The Selection of Beneficiaries for Cash Distributions

Eligibility for the Government’s NPR 15,000 cash assistance was determined following a damage assessment carried out by technical assessment teams. Based on the assessment, home owners were assessed as either eligible or ineligible for an ‘earthquake victim family identity card’ (‘red card’). The cards themselves could be obtained upon presentation of relevant identification, and then presented at village-level distribution points in return for cash.

Vulnerable households faced a number of hurdles. First, the assessment teams did not always go house to house, but in some cases collected information from ward (the lowest level of local government) representatives.[3] As described by one man in Rasuwa district, “they didn’t go to the remote scattered areas, they just go to the central location to ask questions. And then everything depends on the information they’re given at the central location.”[4] In other cases, teams did not consider it feasible to visit each affected ward, and so collected information from neighboring wards.[5] Needless to say, the likelihood of already marginalized households being missed through this process is high.

The second and more significant problem was that the cash was payable to the owner of the damaged house. This excluded a significant number of people living in a diverse range of situations. To cite just a few examples:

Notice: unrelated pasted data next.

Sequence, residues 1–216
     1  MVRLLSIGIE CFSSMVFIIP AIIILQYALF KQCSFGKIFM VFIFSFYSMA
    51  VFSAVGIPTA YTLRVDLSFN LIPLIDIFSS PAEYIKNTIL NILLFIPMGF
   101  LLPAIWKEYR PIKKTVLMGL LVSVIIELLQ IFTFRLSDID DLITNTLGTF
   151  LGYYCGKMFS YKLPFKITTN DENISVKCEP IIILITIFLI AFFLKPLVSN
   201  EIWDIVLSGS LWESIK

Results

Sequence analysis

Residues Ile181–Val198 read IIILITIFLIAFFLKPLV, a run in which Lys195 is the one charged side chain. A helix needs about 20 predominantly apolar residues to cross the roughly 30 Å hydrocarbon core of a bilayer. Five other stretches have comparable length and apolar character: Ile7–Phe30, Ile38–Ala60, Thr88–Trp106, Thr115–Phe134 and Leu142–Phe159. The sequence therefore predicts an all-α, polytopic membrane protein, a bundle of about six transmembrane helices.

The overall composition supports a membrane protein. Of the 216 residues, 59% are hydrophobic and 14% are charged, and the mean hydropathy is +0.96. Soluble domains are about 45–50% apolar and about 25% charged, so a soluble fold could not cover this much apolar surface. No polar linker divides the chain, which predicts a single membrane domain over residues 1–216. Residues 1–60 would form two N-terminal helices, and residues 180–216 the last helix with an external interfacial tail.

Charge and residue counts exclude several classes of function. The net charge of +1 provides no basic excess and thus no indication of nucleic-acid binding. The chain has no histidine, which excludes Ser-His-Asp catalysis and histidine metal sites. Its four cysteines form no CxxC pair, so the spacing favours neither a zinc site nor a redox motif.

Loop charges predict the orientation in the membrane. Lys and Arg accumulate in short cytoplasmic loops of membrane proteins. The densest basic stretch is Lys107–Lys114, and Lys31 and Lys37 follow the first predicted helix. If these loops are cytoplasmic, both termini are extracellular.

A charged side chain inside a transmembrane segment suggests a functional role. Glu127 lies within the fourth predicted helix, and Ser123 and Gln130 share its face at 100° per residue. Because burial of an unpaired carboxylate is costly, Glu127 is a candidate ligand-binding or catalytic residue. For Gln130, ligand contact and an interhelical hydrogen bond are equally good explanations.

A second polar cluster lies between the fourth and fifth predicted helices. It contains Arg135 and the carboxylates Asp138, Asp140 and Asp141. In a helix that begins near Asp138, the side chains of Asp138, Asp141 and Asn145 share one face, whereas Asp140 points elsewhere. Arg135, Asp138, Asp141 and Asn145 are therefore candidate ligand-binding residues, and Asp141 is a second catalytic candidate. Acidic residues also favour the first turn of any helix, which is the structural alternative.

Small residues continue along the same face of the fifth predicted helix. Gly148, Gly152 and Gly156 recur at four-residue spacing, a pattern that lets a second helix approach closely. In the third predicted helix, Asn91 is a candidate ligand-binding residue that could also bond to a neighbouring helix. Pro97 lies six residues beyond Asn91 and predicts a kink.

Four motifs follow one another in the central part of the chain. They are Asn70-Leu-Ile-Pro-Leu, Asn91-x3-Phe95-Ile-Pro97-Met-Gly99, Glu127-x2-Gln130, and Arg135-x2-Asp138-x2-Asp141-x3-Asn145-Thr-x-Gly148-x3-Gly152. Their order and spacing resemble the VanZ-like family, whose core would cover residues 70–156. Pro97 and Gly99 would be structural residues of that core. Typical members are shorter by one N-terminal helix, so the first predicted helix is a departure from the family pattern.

• female-headed households living in a house registered in the name of an absent male;
• families living in rental accommodation damaged by the earthquake;
• multiple families living under a single roof because they could not afford to live alone, in which case only the owner of the house would be eligible for  assistance; and
• multiple wives and families of one man, whether living under the same roof or in separate houses, in which case only one head of household (the man) would be eligible.

Almost invariably, it was households with pre-existing vulnerabilities who were most likely to be excluded ...

Almost invariably, it was households with pre-existing vulnerabilities who were most likely to be excluded: Tamang women and children, who are more likely to be living in extra-marital or polygamous situations; poor households who are more likely to be sharing a house with others; Dalits (low-caste) who migrate more frequently and are less likely than higher castes to own land;[6] and all female-headed households.   

The third problem for vulnerable households was the requirement that even if they made it onto the list, in order to receive the ‘red card’ they had to produce either a citizenship certificate from the village in which they were claiming assistance, or a citizenship certificate from another area together with a migration certificate. Obtaining citizenship in Nepal can be difficult. Children are not eligible for citizenship certificates until they turn 16,[7] by which time many girls are married. Once married, while legally a woman may apply for citizenship based on the citizenship of her parents,[8] in practice a woman applying for citizenship is required to submit marriage papers plus the citizenship documents of her spouse[9]—difficult for women whose husbands are either absent or unwilling to cooperate in their applications. Similarly, it is almost impossible for a woman who was married as child, because she has no way of producing a legal marriage certificate. As for those who prior to the earthquake had migrated between districts, obtaining a certificate of migration is not generally possible unless they can show they own property in their new district.